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Research Article Open Access

Social Characteristics Associated with Agrochemical Use and Health Risks among Grenadian Farmers


Background: According to the World Health Organization, agrochemical use is globally widespread although hazardous to human health. Few studies were conducted in the Caribbean to assess health problems from exposure to agrochemicals. Studies were not conducted previously in the Grenada to investigate factors that may influence the level of use of agrochemicals. In the United States, farmers experienced health problems that were found to be associated with exposure to specific agrochemicals.

Methods: Algorithms from the Agriculture Health Study in the United States were adopted to conduct a correlational cross sectional study in Grenada to investigate the relationships between the characteristics of 8868 farmers in the 2012 agriculture census in Grenada and frequency of use of agrochemicals.

Results: Statistically significant relationships were found between gender, age, education, membership in a farm organization and having ever used agrochemicals. There was also a statistically significant greater odds (OR 1.945, 95 CI: 1.028- 3.679, p=0.041) of having ever used agrochemicals by farmers who completed school at the vocational level compared to farmers who completed school at the primary level. A significant relationship was also found between membership in a farm organization and used herbicide ≥ 12 times in the year with odds ratio >2 for farmers who did not have membership in the organizations.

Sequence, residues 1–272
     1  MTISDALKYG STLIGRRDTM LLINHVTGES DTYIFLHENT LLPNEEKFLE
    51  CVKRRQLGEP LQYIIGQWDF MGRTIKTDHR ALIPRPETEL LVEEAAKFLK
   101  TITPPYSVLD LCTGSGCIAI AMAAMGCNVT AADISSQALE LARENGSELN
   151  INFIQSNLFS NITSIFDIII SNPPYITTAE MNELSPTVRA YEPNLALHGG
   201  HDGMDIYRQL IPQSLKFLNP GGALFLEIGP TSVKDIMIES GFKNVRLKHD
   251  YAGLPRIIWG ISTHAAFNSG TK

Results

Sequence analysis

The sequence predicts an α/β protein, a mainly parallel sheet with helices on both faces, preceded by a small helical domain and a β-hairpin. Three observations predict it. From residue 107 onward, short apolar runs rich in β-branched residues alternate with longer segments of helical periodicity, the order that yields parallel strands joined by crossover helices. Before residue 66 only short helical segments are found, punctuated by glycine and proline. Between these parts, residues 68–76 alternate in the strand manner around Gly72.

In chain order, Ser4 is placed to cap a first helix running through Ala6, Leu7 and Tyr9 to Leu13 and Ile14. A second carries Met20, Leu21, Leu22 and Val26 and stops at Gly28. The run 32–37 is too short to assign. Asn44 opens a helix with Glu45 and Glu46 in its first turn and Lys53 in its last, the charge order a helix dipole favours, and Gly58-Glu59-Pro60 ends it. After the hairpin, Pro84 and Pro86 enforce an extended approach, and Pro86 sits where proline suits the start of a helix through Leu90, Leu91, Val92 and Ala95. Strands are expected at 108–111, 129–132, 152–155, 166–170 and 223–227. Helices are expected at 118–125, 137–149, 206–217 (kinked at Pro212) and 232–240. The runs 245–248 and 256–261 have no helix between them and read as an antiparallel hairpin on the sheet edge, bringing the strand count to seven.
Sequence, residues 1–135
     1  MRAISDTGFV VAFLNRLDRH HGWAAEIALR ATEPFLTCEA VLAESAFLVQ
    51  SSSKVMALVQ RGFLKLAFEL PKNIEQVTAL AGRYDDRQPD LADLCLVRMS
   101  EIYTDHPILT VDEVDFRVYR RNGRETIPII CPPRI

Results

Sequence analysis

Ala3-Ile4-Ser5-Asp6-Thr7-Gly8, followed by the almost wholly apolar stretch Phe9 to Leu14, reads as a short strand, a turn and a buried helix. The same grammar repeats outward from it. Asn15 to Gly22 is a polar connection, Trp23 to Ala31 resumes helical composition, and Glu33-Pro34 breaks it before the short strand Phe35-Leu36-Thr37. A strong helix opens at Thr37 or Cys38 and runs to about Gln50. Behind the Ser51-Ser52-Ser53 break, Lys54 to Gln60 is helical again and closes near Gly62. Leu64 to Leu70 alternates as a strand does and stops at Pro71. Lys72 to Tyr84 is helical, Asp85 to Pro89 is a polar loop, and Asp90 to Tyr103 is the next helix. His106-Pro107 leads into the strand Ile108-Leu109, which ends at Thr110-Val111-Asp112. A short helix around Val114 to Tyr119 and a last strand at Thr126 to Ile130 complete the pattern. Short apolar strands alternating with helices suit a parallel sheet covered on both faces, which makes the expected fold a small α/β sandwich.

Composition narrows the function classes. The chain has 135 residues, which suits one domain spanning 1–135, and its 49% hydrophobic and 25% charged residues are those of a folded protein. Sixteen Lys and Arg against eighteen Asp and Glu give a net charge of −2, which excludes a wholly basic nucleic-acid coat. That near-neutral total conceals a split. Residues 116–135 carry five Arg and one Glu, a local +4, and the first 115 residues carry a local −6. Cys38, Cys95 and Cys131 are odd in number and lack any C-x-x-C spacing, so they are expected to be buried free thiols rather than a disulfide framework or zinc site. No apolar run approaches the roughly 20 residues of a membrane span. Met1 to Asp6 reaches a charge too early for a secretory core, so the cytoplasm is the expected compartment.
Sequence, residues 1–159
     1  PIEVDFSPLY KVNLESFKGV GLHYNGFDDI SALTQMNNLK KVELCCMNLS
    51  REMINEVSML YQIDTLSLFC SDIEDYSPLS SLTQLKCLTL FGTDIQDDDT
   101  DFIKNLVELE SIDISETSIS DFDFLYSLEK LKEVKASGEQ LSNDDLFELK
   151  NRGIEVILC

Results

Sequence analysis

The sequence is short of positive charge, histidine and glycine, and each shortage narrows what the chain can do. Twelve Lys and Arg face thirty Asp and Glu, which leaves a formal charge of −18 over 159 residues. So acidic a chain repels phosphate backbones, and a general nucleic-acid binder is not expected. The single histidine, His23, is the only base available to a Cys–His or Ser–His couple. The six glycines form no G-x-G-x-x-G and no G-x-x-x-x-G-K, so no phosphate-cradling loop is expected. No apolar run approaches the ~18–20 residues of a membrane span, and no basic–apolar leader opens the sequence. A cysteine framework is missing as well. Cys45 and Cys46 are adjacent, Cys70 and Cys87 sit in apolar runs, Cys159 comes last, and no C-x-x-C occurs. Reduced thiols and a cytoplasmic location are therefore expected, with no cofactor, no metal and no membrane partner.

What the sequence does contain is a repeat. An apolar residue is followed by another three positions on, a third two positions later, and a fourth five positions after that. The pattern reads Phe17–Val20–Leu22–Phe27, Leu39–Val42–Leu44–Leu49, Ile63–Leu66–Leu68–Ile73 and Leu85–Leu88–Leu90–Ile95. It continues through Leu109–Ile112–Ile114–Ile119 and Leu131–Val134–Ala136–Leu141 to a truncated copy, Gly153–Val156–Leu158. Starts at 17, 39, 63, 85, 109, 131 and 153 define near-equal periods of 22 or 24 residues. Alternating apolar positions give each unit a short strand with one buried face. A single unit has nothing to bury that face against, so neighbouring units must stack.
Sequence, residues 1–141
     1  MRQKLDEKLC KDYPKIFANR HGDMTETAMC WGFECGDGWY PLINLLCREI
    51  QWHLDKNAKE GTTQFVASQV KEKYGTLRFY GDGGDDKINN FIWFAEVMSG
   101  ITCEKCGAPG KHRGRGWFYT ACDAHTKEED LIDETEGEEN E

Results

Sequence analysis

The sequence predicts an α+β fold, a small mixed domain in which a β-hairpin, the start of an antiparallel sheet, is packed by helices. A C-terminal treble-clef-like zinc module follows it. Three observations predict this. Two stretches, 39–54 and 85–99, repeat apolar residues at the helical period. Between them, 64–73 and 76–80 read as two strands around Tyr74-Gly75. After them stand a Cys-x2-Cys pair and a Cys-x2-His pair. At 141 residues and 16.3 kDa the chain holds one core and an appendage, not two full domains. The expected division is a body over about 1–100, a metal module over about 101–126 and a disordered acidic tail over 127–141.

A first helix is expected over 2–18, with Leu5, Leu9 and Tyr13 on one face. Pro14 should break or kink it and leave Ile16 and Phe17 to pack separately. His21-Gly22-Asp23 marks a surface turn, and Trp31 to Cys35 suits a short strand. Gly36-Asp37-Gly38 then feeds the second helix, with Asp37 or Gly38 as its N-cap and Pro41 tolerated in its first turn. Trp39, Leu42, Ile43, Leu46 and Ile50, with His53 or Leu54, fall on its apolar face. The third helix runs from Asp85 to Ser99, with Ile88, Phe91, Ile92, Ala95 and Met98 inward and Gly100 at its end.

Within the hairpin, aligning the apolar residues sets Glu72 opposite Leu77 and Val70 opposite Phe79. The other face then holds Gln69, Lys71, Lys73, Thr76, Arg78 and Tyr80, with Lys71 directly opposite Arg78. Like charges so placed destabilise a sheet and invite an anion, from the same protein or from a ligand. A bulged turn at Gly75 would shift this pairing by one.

Conclusion: The results indicate farmers who completed education at vocational school were more likely to experience health problems such as, allergic and non-allergic wheeze, rheumatoid arthritis, sleep apnea, and decreased DNA methylation associated with the use of agrochemicals. Farmers who did not have membership in farm organizations were more likely to experience Parkinson’s disease and end-stage renal disease. There is need to regulate and monitor the use of agrochemicals by Grenadian farmers as a public health measure.

Lindonne Glasgow*, David Anderson and German Gonzalez

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